15 Things Banned In The U.S. … But Not Any Where Else In The World
U.S. Customs is very particular about what they let in the country. Many people go on trips to other countries and buy souvenirs only to get them confiscated at customs. Before going on a trip overseas is would be wise to check for things that you cannot bring back to the states. Just because the rest of the world considers it to be legal doesn’t mean the U.S. does. Some of the things that are banned in the U.S. are for our own protection. Other times it doesn’t make since why some things are banned. Either that is the law and we must adhere to it. So next time you want to bring something back from overseas makes sure it isn’t anything on this list.
Haggis Haggis is a traditional Scottish dish that is not welcomed into the United States. The ban on Haggis came about in 1971 when the United States Department of Food and Agriculture decided there was something unpleasant about a dish made of minced organ meat from a sheep. Cows and pigs are OK, but sheep, that’s crossing the line. Outcries of Scottish Americans claiming that having no haggis for their traditional holidays is equivalent to having no turkey on Thanksgiving caused the ban to be reconsidered, but to no avail.
Rap Concerts Banned in Las Vegas Have you ever wondered why your favorite rap artist never performs in Vegas. That’s because their is a unofficial ban on rap concerts in Las Vegas. In 2005 the discreet but ever-present Vegas police informed casinos that they would be held responsible for any damages or violent crimes committed during rap concerts sponsored by their venues. Of course this angered the casinos but instead of fighting back they quietly began contacting rappers to tell them their gigs were cancelled. Other countries seem to welcome our hip-hop artist with open arms.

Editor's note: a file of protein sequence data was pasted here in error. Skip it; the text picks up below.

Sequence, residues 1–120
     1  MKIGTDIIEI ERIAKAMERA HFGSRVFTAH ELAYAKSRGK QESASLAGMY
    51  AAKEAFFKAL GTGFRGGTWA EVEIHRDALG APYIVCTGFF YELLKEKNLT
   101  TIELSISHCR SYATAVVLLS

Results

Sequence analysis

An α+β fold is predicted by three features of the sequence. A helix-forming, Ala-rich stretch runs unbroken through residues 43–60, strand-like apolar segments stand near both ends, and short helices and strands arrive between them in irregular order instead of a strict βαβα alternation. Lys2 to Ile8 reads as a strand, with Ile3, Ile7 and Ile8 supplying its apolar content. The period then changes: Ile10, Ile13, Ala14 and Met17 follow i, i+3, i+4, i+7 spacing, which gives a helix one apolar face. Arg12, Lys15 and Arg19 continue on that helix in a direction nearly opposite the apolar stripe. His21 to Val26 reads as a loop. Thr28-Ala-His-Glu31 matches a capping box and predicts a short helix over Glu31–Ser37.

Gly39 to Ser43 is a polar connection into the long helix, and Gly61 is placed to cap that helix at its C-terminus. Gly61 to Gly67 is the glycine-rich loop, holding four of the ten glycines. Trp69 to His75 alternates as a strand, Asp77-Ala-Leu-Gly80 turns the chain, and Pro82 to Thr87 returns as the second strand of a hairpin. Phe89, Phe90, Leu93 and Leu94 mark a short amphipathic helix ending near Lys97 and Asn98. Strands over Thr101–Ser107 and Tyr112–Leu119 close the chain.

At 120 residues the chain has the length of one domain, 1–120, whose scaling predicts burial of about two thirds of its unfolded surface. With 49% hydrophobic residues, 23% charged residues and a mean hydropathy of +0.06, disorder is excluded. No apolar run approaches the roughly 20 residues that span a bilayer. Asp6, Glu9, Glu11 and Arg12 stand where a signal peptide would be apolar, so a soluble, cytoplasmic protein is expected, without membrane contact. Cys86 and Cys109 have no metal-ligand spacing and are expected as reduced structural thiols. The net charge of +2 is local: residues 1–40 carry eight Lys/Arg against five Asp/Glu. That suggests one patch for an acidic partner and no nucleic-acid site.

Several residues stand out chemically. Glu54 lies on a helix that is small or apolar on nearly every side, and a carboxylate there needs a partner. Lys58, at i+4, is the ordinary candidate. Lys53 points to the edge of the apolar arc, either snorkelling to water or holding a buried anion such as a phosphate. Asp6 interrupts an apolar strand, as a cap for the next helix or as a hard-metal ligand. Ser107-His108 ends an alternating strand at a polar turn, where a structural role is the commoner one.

Kinder Eggs While the rest of the world enjoys the sweet chocolate taste of a Kinder Surprise, we cannot. America’s no-fun Food and Drug Administration (FDA) has banned the egged shaped candy on the basis that the toys inside the eggs could be a choking hazard. That makes a lot of since but we really wish could have some to help satisfy the countries sweet tooth.
Bernadette Devlin McAliskey Bernadette Devlin McAliskey is an Irish republican activist. McAliskey was banned from entering the United States in 2003. US Immigration and Naturalization Service (INS) officials at O’Hare Airport seized McAliskey who was traveling on a flight from Dublin to New York on the grounds that she posed a “serious threat to national security.” An official stated that she was not allowed to enter due to an “expired visa waiver” and for fundraising for the Irish National Liberation Army (INLA).